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Online workshop covers basics of seed saving

Learn how a seed library works during 'Lettuce Unite!'

Two lettuce seedlings
Lettuce is one of the easiest vegetables to save
seeds from. Learn how at a Zoom free workshop
on Feb. 5. (Photo: Kathy Morrison)

Have you ever “checked out” an heirloom watermelon? Or “deposited” some favorite beans? You can do both at a seed library.

Learn how seed libraries work – as well as the basics of starting one of your own – during a free Zoom workshop.

Offered by the UC Cooperative Extension Master Gardeners of Placer County, “Lettuce Unite!” is open to gardeners of all ages and locations. Set for 1 p.m. Saturday, Feb. 5, the one-hour session will focus on seed saving, an age-old method of preserving heirloom varieties of vegetables and flowers.

“What is a seed library? How do I ‘borrow’ seeds? How do I ‘return’ seeds? What do I do with those seeds?” say the master gardeners. “Learn all about what a seed library is, how to grow a summer garden, and a little about how to save seeds successfully.”

Seed libraries are becoming increasingly popular among vegetable and flower gardeners, especially those interested in growing heirloom varieties. The concept is simple: During planting time, gardeners “borrow” the seed of their choice. Instead of harvesting all of a crop, gardeners allow some of the plants to form seed. The gardeners then save that mature seed and return some to the library.

Gardeners also may make contributions of seed they saved from other plants not originally grown from the library’s stock. Lettuce – as the workshop’s name implies – ranks among the easiest seed to save. Another theme of this gardening pastime: Seed saving brings gardeners together.

This workshop is great for school or community garden groups. Gardeners also can learn tips on how to save seed for their own use.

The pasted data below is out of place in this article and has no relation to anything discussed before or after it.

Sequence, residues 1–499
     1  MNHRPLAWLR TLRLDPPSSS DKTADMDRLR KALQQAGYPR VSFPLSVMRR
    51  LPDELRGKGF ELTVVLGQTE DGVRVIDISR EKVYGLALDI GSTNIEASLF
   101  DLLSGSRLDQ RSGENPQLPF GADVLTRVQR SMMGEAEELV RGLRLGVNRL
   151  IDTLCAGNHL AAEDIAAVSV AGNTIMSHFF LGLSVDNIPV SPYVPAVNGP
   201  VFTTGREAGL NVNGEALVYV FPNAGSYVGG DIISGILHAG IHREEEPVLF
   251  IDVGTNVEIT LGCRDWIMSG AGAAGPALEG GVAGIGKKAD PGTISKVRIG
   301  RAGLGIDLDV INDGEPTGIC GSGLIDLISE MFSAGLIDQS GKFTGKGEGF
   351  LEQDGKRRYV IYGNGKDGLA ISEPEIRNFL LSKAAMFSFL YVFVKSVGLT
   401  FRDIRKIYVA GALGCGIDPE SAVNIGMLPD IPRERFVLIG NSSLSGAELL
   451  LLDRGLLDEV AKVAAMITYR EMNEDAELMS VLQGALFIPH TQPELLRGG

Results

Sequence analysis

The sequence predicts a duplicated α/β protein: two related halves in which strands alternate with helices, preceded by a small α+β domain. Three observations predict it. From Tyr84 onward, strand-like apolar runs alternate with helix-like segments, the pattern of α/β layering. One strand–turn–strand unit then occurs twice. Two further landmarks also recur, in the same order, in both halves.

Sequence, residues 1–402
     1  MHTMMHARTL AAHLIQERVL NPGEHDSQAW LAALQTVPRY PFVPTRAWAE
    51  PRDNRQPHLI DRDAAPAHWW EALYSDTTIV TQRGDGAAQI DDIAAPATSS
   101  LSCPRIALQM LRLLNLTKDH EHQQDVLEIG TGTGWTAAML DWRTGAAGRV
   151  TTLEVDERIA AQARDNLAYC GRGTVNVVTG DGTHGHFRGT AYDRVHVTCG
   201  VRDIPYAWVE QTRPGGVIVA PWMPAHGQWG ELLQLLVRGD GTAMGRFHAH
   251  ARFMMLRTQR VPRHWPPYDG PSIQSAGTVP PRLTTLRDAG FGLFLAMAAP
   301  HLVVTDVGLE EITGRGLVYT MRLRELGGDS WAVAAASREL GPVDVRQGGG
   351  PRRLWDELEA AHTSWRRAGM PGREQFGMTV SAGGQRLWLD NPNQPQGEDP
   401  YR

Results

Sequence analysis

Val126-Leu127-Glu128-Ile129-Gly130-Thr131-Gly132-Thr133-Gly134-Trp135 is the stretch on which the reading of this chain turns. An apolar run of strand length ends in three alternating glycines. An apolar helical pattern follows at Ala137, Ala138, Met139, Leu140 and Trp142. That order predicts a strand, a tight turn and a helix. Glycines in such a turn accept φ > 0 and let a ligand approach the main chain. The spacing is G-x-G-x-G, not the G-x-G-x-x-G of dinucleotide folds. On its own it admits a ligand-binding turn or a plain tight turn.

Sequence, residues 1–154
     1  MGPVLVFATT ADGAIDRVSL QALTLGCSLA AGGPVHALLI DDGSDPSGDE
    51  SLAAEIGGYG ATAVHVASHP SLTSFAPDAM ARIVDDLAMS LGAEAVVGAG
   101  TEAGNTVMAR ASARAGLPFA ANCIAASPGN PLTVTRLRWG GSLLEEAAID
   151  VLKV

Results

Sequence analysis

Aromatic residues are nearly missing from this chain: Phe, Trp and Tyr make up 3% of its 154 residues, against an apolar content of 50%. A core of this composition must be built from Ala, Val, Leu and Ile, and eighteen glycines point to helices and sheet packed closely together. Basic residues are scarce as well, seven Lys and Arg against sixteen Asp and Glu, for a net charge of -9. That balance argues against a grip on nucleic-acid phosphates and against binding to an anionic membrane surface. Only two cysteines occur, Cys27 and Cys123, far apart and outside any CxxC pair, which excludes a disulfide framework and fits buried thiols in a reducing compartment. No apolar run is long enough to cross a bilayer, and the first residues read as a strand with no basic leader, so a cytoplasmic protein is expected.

To participate, click on and follow the Zoom link. Passcode: seed.

“Lettuce Unite!” is part of a late winter-early spring series of Zoom sessions hosted by the Placer County master gardeners. Upcoming online workshops include:

Feb. 12: “Citrus Tree Care in the Foothills.”

Feb. 26: “Totally Tomatoes.”

March 12: “Dealing with Deer.”

March 26: “Planning Your Vegetable Garden.”

Miss a workshop? Catch it later on the Placer County master gardeners home page.

Learn more:


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Garden Checklist for week of June 23

Get to work in the mornings while it’s still cool.

* Irrigate early in the day; your plants will appreciate it.

* Generally, tomatoes need deep watering two to three times a week, but don't let them dry out completely. That can encourage blossom-end rot.

* Let the grass grow longer. Set the mower blades high to reduce stress on your lawn during summer heat. To cut down on evaporation, water your lawn deeply during the early hours of the morning, between 2 and 8 a.m.

* Tie up vines and stake tall plants such as gladiolus and lilies. That gives their heavy flowers some support.

* Dig and divide crowded bulbs after the tops have died down.

* Feed summer flowers with a slow-release fertilizer.

* Mulch, mulch, mulch! This “blanket” keeps moisture in the soil longer and helps your plants cope during hot weather.

* Avoid pot “hot feet.” Place a 1-inch-thick board under container plants sitting on pavement. This little cushion helps insulate them from radiated heat.

* Thin grapes on the vine for bigger, better clusters later this summer.

* Cut back fruit-bearing canes on berries.

* Feed camellias, azaleas and other acid-loving plants. Mulch to conserve moisture and reduce heat stress.

* Cut back Shasta daisies after flowering to encourage a second bloom in the fall.

* Trim off dead flowers from rose bushes to keep them blooming through the summer. Roses also benefit from deep watering and feeding now. A top dressing of aged compost will keep them happy. It feeds as well as keeps roots moist.

* Pinch back chrysanthemums for bushier plants with many more flowers in September.

* From seed, plant corn, pumpkins, radishes, melons, squash and sunflowers.

* Plant basil to go with your tomatoes. 

* Transplant summer annuals such as petunias, marigolds and zinnias.

* It’s also a good time to transplant perennial flowers including astilbe, columbine, coneflowers, coreopsis, dahlias, rudbeckia, salvia and verbena.

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